He was motivated by the idea that happiness is only real when shared, and decides to return home because he has no one to share it with in the wild. Formerly discontent with society and its surroundings, Chris later believes that, “the joy of life is all around us, people just need to change the way they look at things.” With Chris revitalizing his life and thoughts, he decides to return home to the people he could spend this elation with. His journal reads, “I am reborn. This is my dawn. Real life has jus begun.” He lived his new experience in the wild finding out that happiness can only be achieved through others. During his return however, his path home proves to be more difficult than anticipated.
After Krakauer published his work in 1996, the book was adapted into a 2007 film directed by Sean Penn, also titled Into the Wild. In the book based movie, Christopher Johnson McCandless was acted exquisitely by Emile Hirsch. Both the book and film are broken down into chapters and weeks living in the wild, alternating throughout the story. Both present McCandless’ ascetic personality in a great way; however Krakauer’s and Penn’s approaches are slightly different. In the novel, Krakauer is used as the narrator and tells about his own experiences relating to McCandless’. In the film, the narration is shown by McCandless’ own journal writings through Emile Hirsch. The narration is also shared by his younger sister, Carine McCandless, played by Jena Malone. The narration by an actual family member, although acted, puts much more meaning into the love and sympathy the McCandless family shares with each other. Also, the book, in comparison to the film, has a much more documentary feel being solely based on interviews and journal passages. This lets the reader really grasp Chris’ emotion during the book; however it is performed thoroughly by Emile Hirsch. Hirsch’s physical makeup even makes the movie more authentic by showing almost exact features of Chris McCandless. Another comparison would be the alteration of scenes in the movie, not described in the book. Altogether the film is very accurately based on Krakauer’s novel, and all of the characters were acted out to mere precision, giving the viewers a true understanding of Chris McCandless’ adventure. Throughout the movie, music was added in the smooth transitioning between scenes that added great effect to the message trying to be said. Sean Penn asked Eddie Vedder, lead singer of Pearl Jam, to create a soundtrack to be used for the film. All of his songs emphasize the importance of the scenes. Chris McCandless wanted to vanish from society, and Vedder explains a lesson to be learned in the lyrics of his music. His music in the film can be described as influential, inspiring, and spiritual. Overall, the book and film Into the Wild was very entertaining and taught many life lessons and values.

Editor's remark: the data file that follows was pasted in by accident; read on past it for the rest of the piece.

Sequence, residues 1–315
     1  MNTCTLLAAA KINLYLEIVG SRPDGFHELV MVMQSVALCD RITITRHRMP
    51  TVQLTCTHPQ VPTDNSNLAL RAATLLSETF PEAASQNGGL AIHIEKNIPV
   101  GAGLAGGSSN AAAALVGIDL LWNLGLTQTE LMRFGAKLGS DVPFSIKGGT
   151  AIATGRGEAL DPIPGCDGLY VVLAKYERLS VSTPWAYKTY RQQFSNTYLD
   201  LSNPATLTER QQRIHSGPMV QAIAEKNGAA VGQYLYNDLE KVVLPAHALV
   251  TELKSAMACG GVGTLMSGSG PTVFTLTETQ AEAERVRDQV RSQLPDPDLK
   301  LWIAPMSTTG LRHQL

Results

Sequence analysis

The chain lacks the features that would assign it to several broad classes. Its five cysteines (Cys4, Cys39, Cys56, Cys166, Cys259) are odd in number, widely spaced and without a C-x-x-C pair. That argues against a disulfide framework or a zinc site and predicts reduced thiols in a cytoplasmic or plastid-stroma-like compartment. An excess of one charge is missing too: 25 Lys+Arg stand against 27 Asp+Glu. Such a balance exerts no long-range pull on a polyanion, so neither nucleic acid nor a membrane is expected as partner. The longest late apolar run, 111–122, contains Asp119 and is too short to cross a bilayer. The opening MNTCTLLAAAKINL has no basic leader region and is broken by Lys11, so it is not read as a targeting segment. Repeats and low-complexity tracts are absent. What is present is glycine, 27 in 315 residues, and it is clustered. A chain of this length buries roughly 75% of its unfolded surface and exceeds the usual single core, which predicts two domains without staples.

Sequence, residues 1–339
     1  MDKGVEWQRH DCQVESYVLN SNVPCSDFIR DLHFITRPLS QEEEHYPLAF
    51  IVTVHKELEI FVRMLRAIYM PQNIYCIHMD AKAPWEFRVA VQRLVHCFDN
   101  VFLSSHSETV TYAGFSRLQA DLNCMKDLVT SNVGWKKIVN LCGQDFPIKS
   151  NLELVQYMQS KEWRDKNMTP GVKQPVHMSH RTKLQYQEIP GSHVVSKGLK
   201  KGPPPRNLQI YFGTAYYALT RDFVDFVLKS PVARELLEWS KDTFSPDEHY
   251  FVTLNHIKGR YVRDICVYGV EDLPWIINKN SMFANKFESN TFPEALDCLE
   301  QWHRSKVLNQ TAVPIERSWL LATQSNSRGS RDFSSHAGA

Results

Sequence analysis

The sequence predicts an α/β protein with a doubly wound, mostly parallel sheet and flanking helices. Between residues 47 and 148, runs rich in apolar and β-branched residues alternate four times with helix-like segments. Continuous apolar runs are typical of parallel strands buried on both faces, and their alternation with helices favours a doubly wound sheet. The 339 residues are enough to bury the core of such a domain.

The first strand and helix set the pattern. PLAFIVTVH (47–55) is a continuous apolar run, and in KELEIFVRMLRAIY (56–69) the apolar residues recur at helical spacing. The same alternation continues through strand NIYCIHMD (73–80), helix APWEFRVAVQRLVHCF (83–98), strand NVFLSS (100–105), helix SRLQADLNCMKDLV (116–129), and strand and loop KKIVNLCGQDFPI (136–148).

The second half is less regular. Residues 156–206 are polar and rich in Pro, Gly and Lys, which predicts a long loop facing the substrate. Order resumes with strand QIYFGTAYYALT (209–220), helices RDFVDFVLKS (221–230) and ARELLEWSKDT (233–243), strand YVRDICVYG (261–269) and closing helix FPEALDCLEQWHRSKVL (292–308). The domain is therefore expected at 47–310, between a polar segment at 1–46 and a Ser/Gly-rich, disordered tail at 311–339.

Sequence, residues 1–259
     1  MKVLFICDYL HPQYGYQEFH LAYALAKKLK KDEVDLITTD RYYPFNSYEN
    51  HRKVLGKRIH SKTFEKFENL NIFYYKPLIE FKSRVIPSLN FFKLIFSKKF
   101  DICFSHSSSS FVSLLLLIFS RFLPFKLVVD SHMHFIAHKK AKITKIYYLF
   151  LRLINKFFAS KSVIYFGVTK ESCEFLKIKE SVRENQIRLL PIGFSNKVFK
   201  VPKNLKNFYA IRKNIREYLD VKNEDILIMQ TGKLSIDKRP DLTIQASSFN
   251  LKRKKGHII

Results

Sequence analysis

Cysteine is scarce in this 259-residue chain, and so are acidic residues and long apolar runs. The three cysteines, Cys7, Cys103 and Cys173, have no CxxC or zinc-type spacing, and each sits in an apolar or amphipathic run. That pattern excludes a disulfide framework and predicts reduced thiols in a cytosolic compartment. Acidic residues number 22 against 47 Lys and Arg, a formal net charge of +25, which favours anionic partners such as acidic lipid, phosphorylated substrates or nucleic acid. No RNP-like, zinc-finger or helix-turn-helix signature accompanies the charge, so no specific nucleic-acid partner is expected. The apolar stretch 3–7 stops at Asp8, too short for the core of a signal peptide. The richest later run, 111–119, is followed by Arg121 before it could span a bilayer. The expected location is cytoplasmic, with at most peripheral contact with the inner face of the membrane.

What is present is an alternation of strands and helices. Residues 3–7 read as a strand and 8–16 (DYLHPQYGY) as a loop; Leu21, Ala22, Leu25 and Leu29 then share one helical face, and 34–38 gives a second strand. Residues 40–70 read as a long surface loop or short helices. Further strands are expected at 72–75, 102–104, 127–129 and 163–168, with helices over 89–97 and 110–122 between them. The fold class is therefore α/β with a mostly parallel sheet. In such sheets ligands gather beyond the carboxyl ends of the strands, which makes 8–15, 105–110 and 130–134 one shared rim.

Into the Wild, both the novel and film, would undoubtedly receive a five star for showing great inspiration and a variety of themes. Jon Krakauer and Sean Penn presented the story of Chris McCandless wonderfully to readers and viewers. Many may not agree with Chris’ decision to live in the wild, but his story definitely makes an impact with multiple themes. Chris was searching for his identity, wanted to live a new life, and have new experiences. He burned his money thinking that it makes people cautious. He left society thinking that it only poisons people and their true character. He left thinking that he needs a new life and identity. Then, after living a life of freedom in the wild, he eventually finds out what he truly wants in life: happiness. Chris McCandless was to some a “psycho,” but hopefully to many he was an example of someone who just lives. His own philosophy and theme was that, “if you want something in life, just reach out and grab it.” To Christopher Johnson McCandless anything was possible, he lived in new experiences and found that happiness is only present when shared.